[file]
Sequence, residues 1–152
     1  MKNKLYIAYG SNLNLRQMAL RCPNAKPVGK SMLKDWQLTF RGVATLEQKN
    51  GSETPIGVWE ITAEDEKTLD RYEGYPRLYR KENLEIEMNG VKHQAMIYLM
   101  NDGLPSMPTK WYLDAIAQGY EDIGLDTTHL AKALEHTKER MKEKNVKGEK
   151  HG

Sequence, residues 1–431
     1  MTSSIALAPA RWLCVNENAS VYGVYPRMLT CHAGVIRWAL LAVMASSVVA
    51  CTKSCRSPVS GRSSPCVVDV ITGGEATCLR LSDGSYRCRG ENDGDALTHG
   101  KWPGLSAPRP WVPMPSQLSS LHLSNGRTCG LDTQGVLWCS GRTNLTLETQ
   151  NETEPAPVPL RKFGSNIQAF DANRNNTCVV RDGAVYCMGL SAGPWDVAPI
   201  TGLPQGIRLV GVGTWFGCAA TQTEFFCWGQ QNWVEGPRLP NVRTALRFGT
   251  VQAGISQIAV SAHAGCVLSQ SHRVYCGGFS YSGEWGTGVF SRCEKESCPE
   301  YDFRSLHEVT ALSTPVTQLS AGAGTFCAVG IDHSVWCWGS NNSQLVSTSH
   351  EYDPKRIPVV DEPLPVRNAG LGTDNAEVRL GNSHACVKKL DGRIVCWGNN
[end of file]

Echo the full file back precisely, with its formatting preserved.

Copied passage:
Sequence, residues 1–152
     1  MKNKLYIAYG SNLNLRQMAL RCPNAKPVGK SMLKDWQLTF RGVATLEQKN
    51  GSETPIGVWE ITAEDEKTLD RYEGYPRLYR KENLEIEMNG VKHQAMIYLM
   101  NDGLPSMPTK WYLDAIAQGY EDIGLDTTHL AKALEHTKER MKEKNVKGEK
   151  HG

Sequence, residues 1–431
     1  MTSSIALAPA RWLCVNENAS VYGVYPRMLT CHAGVIRWAL LAVMASSVVA
    51  CTKSCRSPVS GRSSPCVVDV ITGGEATCLR LSDGSYRCRG ENDGDALTHG
   101  KWPGLSAPRP WVPMPSQLSS LHLSNGRTCG LDTQGVLWCS GRTNLTLETQ
   151  NETEPAPVPL RKFGSNIQAF DANRNNTCVV RDGAVYCMGL SAGPWDVAPI
   201  TGLPQGIRLV GVGTWFGCAA TQTEFFCWGQ QNWVEGPRLP NVRTALRFGT
   251  VQAGISQIAV SAHAGCVLSQ SHRVYCGGFS YSGEWGTGVF SRCEKESCPE
   301  YDFRSLHEVT ALSTPVTQLS AGAGTFCAVG IDHSVWCWGS NNSQLVSTSH
   351  EYDPKRIPVV DEPLPVRNAG LGTDNAEVRL GNSHACVKKL DGRIVCWGNN